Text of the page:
Heaven Looks a Lot Like the Mall

>> Tuesday, August 21, 2012

Author: Wendy Mass
Recommended Age: 12 and up
Publisher: Little, Brown Books for Young Readers
ISBN-10: 0316058505
ISBN-13: 978-0316058506
Year Published: 2008
No. Pages: 256
Genre: Fantasy
Main Character Gender: Female
Read & Reviewed by: Kestrel

Have you ever looked back on yourlife; looked back at your mistakes and used them to change who you are now? Sixteen year old Tessa is forced to do the same. When hit by a dodge ball in gym class, she falls on the floor and blacks out. Instead of waking up in the hospital, she wakes up at the mall which is rather a natural place for her to be considering both her parents work there. Only when Tessa sees her reflection in a shop window does she realize she is still in her gym uniform and that her hair is still matted with blood. She realizes she must be a ghost or in her heaven. Luckily, a similar spirited boy shows up and gives her a bag of things she bought throughout her lifetime. These items enable her to relive moments in her past and reflect upon her life untill the accident. When she confronts the skeletons in the closet, she begins to change and learns to sparkle.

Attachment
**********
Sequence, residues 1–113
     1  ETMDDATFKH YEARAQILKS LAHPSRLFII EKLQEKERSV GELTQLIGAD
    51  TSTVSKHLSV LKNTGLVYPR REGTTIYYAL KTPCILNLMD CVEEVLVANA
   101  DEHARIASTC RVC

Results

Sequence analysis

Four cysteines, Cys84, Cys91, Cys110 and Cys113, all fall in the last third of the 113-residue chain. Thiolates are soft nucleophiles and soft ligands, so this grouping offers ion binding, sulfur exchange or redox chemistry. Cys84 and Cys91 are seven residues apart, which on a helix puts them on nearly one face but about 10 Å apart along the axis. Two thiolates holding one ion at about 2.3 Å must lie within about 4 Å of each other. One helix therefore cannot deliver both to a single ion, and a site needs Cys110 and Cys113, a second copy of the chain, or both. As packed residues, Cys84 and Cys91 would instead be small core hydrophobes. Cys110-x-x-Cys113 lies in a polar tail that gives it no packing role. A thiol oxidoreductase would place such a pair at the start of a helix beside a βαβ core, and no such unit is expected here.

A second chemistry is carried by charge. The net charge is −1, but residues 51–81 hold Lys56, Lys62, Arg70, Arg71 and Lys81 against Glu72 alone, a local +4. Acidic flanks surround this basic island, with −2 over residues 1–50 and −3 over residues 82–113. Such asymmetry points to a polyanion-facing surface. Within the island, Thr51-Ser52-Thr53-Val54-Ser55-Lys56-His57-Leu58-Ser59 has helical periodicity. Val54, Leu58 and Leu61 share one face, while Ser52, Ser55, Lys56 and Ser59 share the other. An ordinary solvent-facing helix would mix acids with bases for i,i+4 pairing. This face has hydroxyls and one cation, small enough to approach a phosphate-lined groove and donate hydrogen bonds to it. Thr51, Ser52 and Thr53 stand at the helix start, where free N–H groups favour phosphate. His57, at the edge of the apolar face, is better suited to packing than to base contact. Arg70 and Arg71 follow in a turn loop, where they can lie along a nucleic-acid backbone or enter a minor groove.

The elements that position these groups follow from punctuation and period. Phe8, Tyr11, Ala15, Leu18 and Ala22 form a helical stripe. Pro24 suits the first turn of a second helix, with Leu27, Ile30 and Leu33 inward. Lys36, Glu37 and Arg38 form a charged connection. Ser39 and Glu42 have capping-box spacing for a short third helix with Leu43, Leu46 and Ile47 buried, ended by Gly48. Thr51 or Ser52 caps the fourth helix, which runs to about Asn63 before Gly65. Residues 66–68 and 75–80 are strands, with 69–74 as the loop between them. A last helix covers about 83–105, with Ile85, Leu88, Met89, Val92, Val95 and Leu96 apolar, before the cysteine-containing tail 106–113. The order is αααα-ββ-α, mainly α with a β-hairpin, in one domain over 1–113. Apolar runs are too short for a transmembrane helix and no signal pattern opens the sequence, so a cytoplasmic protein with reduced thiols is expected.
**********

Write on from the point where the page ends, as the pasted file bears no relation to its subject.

Wendy Mass jumps right into the book and into the action which gripped me, the reader, and had me turning the pages at a rapid rate. She is very good at capturing voices of children and teens, making the writing even more hilarious and believable. Since this free verse novel is writen in first person, Mass was able to use Tessa's character as a vehicle for flashbacks and these flashbacks subsequently help her gain insight about herself.

I have only just started reading Free Verse novels but like most of the ones I've read this year, this book has strong diction and is complex without being too wordy. Free Verse allows for a different style of writing and gives the author more freedom. Lists are used a lot in this book which I found helpful in a way that I could relate to because being a teenager myself, I use lists all the time. For example:

In my high school there are jocks,
preps, cheerleaders, teachers' pets,
hicks, stoners, slackers, dorks, cool kids,
band/choir/chorus/drama geeks,
regular geeks, nerds, populars, burnouts,
freaks, punks, intellectuals, scene kids,
emo kids, goths, loners, losers, wankstats,
sluts, skaters, haters, speds, strait-edgers,
floaters, and drifters.

Lists keep me reading and provide a break from the verse. In the case of this list, it captures the variety of stereotypes we teenagers often assign each other.

This book is direct and to the point. It doesn't hide adolescence from you, the reader. There are some scenes of drugs and sexual intrigue. I rated this book a 9.5/10 because I have enjoyed the plots of other books more but the writing style was fantastic.

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